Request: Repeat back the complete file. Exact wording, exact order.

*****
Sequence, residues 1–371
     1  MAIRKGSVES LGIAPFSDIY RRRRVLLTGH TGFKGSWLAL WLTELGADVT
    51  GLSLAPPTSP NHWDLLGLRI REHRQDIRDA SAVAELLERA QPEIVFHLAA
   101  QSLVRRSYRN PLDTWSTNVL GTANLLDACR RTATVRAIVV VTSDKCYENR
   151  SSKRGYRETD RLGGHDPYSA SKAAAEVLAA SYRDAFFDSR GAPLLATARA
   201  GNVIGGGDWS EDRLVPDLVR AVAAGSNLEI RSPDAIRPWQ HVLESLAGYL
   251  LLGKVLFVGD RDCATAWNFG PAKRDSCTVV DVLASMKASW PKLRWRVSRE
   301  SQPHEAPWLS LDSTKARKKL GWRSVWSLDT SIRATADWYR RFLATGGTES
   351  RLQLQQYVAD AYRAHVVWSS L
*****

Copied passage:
Sequence, residues 1–371
     1  MAIRKGSVES LGIAPFSDIY RRRRVLLTGH TGFKGSWLAL WLTELGADVT
    51  GLSLAPPTSP NHWDLLGLRI REHRQDIRDA SAVAELLERA QPEIVFHLAA
   101  QSLVRRSYRN PLDTWSTNVL GTANLLDACR RTATVRAIVV VTSDKCYENR
   151  SSKRGYRETD RLGGHDPYSA SKAAAEVLAA SYRDAFFDSR GAPLLATARA
   201  GNVIGGGDWS EDRLVPDLVR AVAAGSNLEI RSPDAIRPWQ HVLESLAGYL
   251  LLGKVLFVGD RDCATAWNFG PAKRDSCTVV DVLASMKASW PKLRWRVSRE
   301  SQPHEAPWLS LDSTKARKKL GWRSVWSLDT SIRATADWYR RFLATGGTES
   351  RLQLQQYVAD AYRAHVVWSS L